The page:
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jerome-noetingerPlastic Concrete: new work by Antoine Chessex for Apartment House & Jérôme Noetinger with Steve Noble/Yoni Silver Duo

@ CAFE OTO 28/02/2014

This intriguing and ultimately satisfying concert opened with two improvisations featuring Yoni Silver on bass clarinet and Steve Noble on percussion, the first of which was poised, stuttering on the threshold of silence, a long chain of details and staccato environments, puckering keys and playful encounters, including a duet between Steve Noble using his drum stick to scrape a gong and a passing ambulance siren, ever a distinctive feature of Cafe Oto’s concerts. The second was more forceful, a livid tangle of pulses and shreaking distortions, which gave way eventually to a more intricate and occasionally highly beautiful abstract space. The duo form, even amplified, failed to produce the immensity of sound it sometimes seemed to be striving for, but what did come out was complex enough to be engaging, if a little conventional. Steve Noble was, as ever, the more commanding of the two, an apparently limitless force of invention.

The main item of the night was a new work by Swiss-born composer Antoine Chessex, played by the experimental ensemble Apartment House and Jérôme Noetinger on reel to reel tape recorder and electronics. This piece felt expansive and dedicated, and was played with a roughness and a wildness which only very rarely became a problem. Although the musicians had notated music with them, there was a heavy dose of improvised freedom within that framework, and often what sounded like on-the-fly changes to notes: highly exaggerated vibrato; passages played on a pulled apart clarinet; different types double bass bowing, all worked as extensions to the written music, and all worked excellently. In fact, the beauty of the music often arose from a tension between the written music and the improvised additions, both in terms of the harmony and the melodic fragments which appeared occasionally from within the mix.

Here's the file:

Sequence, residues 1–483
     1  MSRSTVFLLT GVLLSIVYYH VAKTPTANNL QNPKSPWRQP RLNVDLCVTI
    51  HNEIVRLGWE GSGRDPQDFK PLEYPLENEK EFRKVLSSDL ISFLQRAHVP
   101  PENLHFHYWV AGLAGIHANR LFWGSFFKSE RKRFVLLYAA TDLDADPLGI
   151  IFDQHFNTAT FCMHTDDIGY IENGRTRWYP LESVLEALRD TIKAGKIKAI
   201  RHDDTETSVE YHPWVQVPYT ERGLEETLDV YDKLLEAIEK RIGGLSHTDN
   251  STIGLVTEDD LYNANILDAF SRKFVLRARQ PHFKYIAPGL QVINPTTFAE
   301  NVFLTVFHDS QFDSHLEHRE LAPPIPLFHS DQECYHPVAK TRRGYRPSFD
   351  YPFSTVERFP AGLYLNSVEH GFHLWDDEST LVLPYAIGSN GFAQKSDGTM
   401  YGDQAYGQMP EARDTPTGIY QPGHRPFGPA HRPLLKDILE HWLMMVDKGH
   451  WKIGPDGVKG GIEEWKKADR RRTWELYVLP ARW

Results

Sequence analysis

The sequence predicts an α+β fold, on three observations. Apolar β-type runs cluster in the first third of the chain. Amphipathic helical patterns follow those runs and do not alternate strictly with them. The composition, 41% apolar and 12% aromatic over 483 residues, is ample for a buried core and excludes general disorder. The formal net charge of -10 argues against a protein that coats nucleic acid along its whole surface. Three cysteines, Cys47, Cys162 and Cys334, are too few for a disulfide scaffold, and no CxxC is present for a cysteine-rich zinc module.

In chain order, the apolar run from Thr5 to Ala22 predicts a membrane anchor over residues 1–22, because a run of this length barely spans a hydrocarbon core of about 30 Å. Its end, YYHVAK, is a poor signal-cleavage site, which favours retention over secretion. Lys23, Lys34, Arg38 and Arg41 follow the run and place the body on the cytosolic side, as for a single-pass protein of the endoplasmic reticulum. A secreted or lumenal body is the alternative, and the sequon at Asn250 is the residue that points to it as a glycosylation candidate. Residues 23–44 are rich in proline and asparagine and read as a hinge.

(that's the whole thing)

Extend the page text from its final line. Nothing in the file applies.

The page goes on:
Although structurally fairly simple, and for large spans largely uneventful except to present indigestible knots of colourful and explosive chords, the frequent intervention of electronic sound, which was recorded live, manipulated and diffused across the space, gave flair and gestural detail to the steady changes beneath. There were plenty of other moments to latch onto within these blocks of chords: a sudden single near-unison note almost felt conclusive until it was blurred and torn away again by the thick harmonies; the sudden addition of electronic bass to an already dense sound world added a rigour and stability to the sound it had previously eluded; and, at very nearly the end, a recording of two high notes from Andrew Sparling’s clarinet echoing, pitch shifted down, around the space in loops, gave an evocative and hopeful end to a powerful and sometimes overwhelming experience.

Richard Hames


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